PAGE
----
Further inconsistencies, Murray said, could be seen when he told emergency services that he had been tapping the baby’s back for ten minutes to try to clear the obstruction but in later accounts said nothing about tapping and said then that he put his fingers into the baby’s mouth to try to remove the obstruction before calling emergency services.

During the call Murray said the accused told nurses that he could see the obstruction but in later statements to gardaí said he couldn’t see anything.

Murray said that the first time the accused suggested the possibility that his efforts to retrieve the object could have pushed it further down came in June 2014, more than a year after Joshua’s death.

A year after that Tighe told gardaí for the first time that, as he was trying to retrieve the obstruction, he heard a “crack” and the obstruction slipped down further. Murray described it as an “evolving account” from one time to the next.

Counsel also asked the jury to consider the recording of the emergency phone call which was played to them during the trial.

He said Tighe was emotional at times but at others calm and rational, able to give directions and at one point stating that the call is costing him credit and that he has another call coming in.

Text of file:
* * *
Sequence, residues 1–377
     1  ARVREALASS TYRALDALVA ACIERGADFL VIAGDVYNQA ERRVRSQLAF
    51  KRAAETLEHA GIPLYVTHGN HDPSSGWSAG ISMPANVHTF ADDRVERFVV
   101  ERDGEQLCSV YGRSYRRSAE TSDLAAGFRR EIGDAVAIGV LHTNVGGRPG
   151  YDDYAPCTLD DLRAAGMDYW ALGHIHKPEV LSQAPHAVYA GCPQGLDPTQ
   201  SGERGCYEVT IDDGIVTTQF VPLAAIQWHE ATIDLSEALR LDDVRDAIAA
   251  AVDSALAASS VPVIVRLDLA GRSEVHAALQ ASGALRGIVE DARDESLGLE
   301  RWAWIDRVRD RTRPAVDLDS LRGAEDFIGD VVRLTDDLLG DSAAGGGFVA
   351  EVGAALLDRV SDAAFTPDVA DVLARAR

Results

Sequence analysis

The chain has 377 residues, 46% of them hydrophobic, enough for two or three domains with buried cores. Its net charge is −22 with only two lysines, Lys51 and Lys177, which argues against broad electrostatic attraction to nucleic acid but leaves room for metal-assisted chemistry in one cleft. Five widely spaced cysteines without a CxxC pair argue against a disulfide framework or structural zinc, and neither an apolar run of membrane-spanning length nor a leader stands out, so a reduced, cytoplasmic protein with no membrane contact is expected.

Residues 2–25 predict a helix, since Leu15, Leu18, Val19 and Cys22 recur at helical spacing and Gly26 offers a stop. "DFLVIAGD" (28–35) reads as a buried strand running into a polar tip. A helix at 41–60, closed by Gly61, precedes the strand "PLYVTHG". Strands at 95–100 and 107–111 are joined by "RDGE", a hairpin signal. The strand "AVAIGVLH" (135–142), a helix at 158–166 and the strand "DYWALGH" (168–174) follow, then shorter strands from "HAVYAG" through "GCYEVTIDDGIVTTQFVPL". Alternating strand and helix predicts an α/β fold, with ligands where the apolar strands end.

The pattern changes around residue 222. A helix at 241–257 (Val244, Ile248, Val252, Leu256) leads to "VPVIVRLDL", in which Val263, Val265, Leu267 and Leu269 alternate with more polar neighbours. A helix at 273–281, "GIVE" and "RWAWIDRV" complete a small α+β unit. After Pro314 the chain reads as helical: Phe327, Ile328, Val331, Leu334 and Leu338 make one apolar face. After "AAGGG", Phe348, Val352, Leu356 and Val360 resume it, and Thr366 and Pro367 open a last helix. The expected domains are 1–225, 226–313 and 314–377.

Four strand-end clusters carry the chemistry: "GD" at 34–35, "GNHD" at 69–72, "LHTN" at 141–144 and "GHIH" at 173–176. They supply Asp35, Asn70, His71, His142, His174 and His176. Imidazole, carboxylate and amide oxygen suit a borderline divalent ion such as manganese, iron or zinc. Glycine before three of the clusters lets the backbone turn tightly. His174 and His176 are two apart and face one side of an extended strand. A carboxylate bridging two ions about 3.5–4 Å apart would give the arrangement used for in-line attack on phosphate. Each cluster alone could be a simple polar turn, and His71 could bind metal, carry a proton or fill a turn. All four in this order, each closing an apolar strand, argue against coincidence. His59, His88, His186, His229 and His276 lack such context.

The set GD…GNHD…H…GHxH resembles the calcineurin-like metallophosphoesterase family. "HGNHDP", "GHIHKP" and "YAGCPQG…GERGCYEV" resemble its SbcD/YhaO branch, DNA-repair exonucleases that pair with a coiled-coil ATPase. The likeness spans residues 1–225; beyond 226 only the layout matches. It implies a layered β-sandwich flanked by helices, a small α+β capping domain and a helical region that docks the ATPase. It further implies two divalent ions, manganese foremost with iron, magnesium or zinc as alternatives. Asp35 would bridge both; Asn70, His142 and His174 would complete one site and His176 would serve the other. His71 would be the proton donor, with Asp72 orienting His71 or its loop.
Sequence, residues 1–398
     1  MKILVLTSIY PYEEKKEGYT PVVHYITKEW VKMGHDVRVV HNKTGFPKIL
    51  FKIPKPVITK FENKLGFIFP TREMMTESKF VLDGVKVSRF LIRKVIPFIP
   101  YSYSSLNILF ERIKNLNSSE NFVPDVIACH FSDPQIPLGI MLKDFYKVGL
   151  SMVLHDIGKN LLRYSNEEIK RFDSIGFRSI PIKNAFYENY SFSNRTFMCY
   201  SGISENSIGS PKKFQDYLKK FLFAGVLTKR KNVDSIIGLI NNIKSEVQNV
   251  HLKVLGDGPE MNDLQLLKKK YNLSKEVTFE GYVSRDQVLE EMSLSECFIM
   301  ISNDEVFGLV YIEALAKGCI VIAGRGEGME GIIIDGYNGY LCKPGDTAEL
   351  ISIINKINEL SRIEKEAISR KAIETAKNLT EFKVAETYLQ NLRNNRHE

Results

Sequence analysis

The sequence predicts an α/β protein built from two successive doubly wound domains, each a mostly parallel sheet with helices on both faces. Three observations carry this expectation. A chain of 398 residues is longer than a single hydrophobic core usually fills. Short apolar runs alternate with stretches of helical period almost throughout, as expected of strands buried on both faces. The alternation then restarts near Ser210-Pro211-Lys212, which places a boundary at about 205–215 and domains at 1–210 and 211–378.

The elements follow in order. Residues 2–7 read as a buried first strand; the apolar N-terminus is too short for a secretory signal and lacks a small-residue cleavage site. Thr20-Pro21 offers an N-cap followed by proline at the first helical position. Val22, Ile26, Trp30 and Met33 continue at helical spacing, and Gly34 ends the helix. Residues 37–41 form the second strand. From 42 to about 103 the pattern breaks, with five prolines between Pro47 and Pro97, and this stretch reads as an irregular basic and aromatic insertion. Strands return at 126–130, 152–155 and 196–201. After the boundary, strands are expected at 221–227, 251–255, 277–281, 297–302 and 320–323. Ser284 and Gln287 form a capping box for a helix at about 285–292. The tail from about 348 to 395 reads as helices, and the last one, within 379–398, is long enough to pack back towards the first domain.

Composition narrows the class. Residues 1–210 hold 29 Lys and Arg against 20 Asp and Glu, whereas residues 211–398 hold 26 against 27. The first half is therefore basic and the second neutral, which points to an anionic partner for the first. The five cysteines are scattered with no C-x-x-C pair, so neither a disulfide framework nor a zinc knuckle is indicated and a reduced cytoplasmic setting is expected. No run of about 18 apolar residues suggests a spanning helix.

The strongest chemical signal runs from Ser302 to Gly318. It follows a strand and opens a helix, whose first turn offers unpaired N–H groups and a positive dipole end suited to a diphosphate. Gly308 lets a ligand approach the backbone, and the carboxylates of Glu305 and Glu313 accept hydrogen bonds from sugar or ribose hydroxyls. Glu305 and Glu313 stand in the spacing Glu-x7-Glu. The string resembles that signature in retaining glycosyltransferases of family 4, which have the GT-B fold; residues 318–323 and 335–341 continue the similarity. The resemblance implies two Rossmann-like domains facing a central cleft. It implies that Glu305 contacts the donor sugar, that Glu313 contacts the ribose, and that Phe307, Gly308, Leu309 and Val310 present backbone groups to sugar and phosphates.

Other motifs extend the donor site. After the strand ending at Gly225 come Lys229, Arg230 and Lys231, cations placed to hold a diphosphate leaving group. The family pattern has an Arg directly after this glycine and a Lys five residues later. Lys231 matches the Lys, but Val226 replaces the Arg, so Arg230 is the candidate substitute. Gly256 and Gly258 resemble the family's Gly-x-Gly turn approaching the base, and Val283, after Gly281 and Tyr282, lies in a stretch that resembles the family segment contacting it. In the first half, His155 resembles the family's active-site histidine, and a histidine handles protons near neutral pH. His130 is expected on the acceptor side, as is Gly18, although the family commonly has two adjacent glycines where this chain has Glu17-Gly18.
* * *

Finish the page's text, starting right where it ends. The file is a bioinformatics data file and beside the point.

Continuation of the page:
The last inconsistency Murray suggested the jury look at was that Tighe said nothing about scrunching up the tissues in interviews he gave to gardai in 2014 but by July 2015 there was a “complete change”, with Tighe stating that when he used tissues he might scrunch them up and leave them.

Murray pointed to medical evidence from two paediatricians who said that the baby could not have formed the wad or swallowed it to the point where it was found in the throat.

Dr Hilary Stokes, he said, had told them the baby would reflexively gag and expel such a large object. Only one person, he suggested, could have put the wad there and that is the accused man.

He further stated that it would be nonsense if anyone were to say that a person could do that without intending to cause serious harm or death.

Mícheál P O’Higgins for the defence began his closing speech by telling the jury that the first thing that suggests Tighe’s innocence is the fact that he called emergency services for help to save his son.

He said an intention to kill his “beloved son” is difficult to reconcile with that fact. He also asked them to look at the statements of Ann and Tom Shannon, Tighe’s neighbours.

Counsel said those statements showed that the accused was highly regarded “a great lad” and “very obliging”.

He is a man who provided round the clock care for his elderly father when he developed alzheimers, with Ann Shannon stating: “I don’t think many young lads would stick it as long as John did.”